Investors do not need to panic when a market downturn hits. It’s important to figure out the best strategy for navigating a losing streak. As always, there will be winners and losers in this volatile period.
You can transform your long-term performance by adopting winning strategies and avoiding losing ones right now. That is how.
Winner 1: “Dry Powder” Investors
It hurts to look at the value of your portfolio during a market downturn, but this is no time to bury your head in the sand. Corrections are great opportunities for investors who have cash to deploy, which is known as “dry powder” in the financial industry. Stocks have become much cheaper relative to the sales, cash flows, and dividends of the underlying companies. The recession is like stocks have gone on sale and it is the best time to buy.
Of course, it takes a combination of luck and foresight to develop that stack of cash. Most asset managers keep a portion of their portfolio in cash. The amount of cash tends to rise and fall with the manager’s opinion of the viability of the investment. Warren Buffet is have a huge amount of cash on Berkshire Hathawaybecause it determined that the stock has been overvalued relative to its fundamentals.
Investors shouldn’t have been out of the market entirely going into this latest recession. However, those who avoided getting caught up in the fervor should have some cash on hand to take advantage of the more attractive prices.
Winner 2: Dividend Stocks
dividend stocks They’re not immune to market downturns, but they tend to shine relative to other stocks during tough times. Corrections and bear markets are signs that investors’ risk appetite has diminished. Uncertain conditions cause capital to flow away from stocks and into other asset classes, such as bonds and cash.
Those same forces are also at work within the stock market. Growth stocks tend to take a beating, while dividend stocks hold up a little better. Companies that pay dividends also tend to have more stable cash flows and often avoid catastrophic interruptions during economic turmoil. It’s important to note that dividend stocks still provide returns in the form of quarterly distributions, even if their share price is temporarily low.
This is developing as we speak. the Vanguard High Yield Dividend ETF is up 2% year to date while major stock indices tumbled. Growth stock valuations have gotten a bit out of control and investors are looking for safety as prices fall towards historically normal levels.
Loser 1: Investors who sell
The only people who really lose during a stock market downturn are the investors who sell their shares. Gains and losses are not realized until they are settled through a sale. Any position with positive returns can still swing to a loss until that position is closed; the same is true for positions that are down.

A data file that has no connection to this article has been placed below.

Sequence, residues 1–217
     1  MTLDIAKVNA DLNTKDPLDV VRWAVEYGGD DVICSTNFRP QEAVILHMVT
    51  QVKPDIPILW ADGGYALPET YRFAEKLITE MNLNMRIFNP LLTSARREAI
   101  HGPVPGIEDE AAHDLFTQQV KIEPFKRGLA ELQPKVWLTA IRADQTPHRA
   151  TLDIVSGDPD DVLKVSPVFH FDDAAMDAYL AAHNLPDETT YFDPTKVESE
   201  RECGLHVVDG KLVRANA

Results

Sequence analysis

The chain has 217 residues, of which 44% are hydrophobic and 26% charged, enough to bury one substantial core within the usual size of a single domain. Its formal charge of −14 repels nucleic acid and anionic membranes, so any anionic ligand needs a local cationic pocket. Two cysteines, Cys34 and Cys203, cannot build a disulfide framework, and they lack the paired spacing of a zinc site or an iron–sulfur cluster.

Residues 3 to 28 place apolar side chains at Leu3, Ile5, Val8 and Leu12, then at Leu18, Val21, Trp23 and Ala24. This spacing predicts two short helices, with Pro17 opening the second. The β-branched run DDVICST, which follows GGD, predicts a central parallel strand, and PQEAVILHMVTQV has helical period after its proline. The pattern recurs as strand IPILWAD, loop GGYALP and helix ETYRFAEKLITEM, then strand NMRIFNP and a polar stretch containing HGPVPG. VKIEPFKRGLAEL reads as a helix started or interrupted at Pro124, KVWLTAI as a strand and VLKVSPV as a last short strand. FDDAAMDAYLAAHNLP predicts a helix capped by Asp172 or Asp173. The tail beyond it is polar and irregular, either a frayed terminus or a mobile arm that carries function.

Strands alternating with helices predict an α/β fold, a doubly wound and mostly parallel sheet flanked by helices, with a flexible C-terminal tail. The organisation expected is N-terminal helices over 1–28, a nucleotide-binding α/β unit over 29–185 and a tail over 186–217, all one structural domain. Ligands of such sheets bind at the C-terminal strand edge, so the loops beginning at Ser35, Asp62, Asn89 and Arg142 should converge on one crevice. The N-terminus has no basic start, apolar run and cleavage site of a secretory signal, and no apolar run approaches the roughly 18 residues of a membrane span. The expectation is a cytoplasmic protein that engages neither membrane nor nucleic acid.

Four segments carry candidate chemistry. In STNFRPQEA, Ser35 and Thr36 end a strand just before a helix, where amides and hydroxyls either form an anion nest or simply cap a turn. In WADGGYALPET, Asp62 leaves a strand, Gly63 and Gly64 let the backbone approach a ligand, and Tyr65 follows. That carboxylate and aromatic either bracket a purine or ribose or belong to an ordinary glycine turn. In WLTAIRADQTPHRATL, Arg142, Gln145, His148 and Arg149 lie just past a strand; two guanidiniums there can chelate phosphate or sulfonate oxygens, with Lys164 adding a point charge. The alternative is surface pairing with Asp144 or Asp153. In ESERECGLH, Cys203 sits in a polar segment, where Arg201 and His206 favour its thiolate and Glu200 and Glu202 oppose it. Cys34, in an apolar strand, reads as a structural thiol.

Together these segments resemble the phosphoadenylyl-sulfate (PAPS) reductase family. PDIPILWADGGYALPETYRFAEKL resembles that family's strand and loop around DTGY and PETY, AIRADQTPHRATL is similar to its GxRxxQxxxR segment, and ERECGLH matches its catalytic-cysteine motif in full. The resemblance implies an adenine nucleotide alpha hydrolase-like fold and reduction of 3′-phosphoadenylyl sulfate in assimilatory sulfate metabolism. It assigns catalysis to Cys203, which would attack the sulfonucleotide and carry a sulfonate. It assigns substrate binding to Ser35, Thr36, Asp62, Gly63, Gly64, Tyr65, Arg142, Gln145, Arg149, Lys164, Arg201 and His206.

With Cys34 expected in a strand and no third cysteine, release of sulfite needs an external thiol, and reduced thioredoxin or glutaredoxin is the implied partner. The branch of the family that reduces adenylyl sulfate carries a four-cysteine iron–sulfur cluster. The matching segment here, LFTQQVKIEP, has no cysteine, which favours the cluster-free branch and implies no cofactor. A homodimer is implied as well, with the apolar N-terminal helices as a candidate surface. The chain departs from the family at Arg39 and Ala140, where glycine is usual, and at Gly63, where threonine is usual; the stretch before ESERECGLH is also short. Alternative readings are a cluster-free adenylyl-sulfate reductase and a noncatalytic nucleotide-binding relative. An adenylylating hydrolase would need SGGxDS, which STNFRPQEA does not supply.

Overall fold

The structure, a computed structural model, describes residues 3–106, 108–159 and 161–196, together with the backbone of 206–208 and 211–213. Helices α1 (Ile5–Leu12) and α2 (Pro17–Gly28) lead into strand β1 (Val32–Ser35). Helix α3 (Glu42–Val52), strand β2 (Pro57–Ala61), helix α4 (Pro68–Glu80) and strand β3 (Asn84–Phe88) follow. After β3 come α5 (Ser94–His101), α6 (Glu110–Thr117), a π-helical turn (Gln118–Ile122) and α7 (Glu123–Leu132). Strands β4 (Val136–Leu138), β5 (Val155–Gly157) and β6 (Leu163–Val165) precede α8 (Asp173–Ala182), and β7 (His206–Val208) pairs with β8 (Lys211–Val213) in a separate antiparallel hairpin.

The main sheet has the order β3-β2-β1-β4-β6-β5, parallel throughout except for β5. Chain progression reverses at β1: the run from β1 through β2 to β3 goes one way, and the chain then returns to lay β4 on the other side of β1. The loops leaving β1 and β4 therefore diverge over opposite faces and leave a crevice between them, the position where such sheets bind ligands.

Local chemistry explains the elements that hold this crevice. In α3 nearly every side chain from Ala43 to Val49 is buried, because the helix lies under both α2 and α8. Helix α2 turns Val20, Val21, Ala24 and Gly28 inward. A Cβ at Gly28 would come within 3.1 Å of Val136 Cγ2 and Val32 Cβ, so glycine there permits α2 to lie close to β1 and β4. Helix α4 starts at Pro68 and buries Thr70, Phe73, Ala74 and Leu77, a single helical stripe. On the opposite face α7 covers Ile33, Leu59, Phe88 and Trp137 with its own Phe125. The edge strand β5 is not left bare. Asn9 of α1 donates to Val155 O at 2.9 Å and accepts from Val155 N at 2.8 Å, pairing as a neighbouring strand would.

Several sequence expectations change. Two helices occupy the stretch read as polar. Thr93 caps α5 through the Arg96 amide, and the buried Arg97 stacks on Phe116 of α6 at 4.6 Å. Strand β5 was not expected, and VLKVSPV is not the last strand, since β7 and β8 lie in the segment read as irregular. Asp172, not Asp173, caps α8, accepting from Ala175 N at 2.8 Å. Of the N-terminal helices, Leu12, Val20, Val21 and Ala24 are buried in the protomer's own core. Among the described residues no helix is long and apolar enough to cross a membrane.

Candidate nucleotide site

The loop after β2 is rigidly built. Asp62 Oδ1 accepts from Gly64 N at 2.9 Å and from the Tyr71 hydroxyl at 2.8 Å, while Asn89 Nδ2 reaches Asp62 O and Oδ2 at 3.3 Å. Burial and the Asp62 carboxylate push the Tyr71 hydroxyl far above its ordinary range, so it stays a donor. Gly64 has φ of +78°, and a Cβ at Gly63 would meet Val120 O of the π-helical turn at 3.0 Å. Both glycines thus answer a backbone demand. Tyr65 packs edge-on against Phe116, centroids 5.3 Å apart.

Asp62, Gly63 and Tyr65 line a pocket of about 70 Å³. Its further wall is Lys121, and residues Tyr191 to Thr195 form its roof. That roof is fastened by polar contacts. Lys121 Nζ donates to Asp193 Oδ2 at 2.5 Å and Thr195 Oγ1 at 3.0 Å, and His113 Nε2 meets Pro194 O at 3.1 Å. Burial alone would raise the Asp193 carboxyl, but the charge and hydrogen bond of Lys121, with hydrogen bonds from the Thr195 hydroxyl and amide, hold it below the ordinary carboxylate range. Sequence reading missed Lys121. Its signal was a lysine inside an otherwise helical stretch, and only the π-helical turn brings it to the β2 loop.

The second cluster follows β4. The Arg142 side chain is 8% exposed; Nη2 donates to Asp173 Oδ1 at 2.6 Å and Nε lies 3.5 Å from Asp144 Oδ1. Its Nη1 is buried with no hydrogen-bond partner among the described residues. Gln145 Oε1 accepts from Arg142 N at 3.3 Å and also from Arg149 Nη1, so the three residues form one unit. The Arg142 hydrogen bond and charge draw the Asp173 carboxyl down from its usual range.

In the history of the stock market, every recession has been only a temporary divergence from a long-term growth trend. If you sell during a recession, you are buying high and selling low. You are missing out on the opportunity to capitalize on growth when the market recovers in the future.
But investors sell for all sorts of reasons. Some shares are sold to cover distributions from retirement accounts. Sometimes circumstances change in a financial plan and assets must be liquidated to meet cash needs. Or a portfolio needs to be rebalanced to achieve a better mix of growth and volatility.
Too often, however, investors make decisions based on fear and leave the market due to the risk of losses mounting further. Selling into a recession may help you avoid the impact of a full-blown bear market if it goes that far, but that’s nothing compared to the opportunity cost of losing all future gains.
The best investors understand that volatility is inevitable and don’t scrap their entire investment plan when the market hits a rough patch.
Loser 2: Growth Stocks
growth stocks They are usually great tools for long-term returns, but they come with added volatility. They outperform when the market goes up and they underperform when the market goes down.
Stock prices are theoretically based on expected future cash flows, and growth stocks have more uncertainty surrounding those cash flows. It takes a major leap of faith to forecast the future earnings of a company that is expanding rapidly but is not making a net profit today. The rewards are great if the story comes to fruition, but the risks are also greater.
Valuations peak at the top of market cycles, and growth stocks tend to have the most aggressive valuations when investors’ risk appetite is high. That leaves more room to fall when the market falls.
This does not mean that investors should avoid growth stocks. Instead, he suggests that they should not be overexposed to this category, and should ensure that they are ready to withstand volatility when it inevitably arises.
This article represents the opinion of the author, who may not agree with the “official” recommendation position of a premium Motley Fool advisory service. We are motley! Questioning an investment thesis, even one of your own, helps us all think critically about investing and make decisions that help us become smarter, happier, and richer.